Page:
Charlie Ellis 3:03
Nice. Okay. And what sound or noise Do you love?
Tom Carroll 3:07
Well, if just the first thing that came to mind is the butcher bird. So I don’t know either. You know, butcher birds know. Which of birdsong. You got to listen to a butcher bird song. That’s that sound is just delightful. We get the butcher birds around my house here.
Charlie Ellis 3:26
And what sound or noise Do you hate?
Tom Carroll 3:30
The sound of a car crash?
Charlie Ellis 3:33
Nice. Good answer..
Tom Carroll 3:35
Yeah. Like that crunching of metal like, oh, even if I hear it from a distance, or I’m in the car when it happens. It just all just Yeah. Yeah, here we go.
Charlie Ellis 3:48
Yeah. Sort of tense up. And what profession other than your own would you like to attempt?
Tom Carroll 3:57
Good question. becoming someone who can help rehabilitate people. And in the sense of bringing people around, it can be from injury. It can be from both mental and physical setbacks. Someone who can bring people and actually guide them back into a more balanced state. And they think that offers them a way away to sort of see themselves in a new light.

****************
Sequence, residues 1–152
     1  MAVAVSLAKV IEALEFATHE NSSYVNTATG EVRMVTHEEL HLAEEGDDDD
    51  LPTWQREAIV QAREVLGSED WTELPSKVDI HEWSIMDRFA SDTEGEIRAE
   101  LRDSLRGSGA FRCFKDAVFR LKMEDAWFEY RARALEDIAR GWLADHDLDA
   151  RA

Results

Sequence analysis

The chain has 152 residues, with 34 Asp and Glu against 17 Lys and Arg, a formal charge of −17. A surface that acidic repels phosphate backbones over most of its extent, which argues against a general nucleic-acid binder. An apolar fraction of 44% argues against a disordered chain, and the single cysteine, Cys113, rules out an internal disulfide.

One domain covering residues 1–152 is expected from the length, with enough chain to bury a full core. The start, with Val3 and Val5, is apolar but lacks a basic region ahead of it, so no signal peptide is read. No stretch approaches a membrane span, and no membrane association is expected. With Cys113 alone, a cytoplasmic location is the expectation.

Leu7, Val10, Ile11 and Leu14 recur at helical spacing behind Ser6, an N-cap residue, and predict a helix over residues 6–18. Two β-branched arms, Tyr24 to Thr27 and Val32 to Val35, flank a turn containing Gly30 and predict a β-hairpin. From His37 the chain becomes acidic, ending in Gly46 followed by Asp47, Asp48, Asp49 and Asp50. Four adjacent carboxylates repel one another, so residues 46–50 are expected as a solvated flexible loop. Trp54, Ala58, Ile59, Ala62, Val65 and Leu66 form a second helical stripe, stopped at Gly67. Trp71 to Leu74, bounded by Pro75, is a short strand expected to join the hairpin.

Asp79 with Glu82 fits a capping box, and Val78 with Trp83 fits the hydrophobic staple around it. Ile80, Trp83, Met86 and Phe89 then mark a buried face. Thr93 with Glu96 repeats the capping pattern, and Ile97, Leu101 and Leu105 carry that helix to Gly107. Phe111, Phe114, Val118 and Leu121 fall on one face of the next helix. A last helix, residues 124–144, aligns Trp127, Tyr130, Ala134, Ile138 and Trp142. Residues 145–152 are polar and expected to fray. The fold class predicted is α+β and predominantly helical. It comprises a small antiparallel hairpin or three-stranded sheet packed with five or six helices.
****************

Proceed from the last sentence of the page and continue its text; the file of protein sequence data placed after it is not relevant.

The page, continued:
Charlie Ellis 4:31
That’s a brilliant answer. And overdoing my research over the past few days, I noticed you twice champion of New South Wales, when you were at school when you’re lying. That was younger ages. Twice. Twice winner of the pro juniors as well. Yes. Yeah. How How was that starting out? What was life like when you were winning those comps in your school and what’s the what was life like?
Tom Carroll 4:58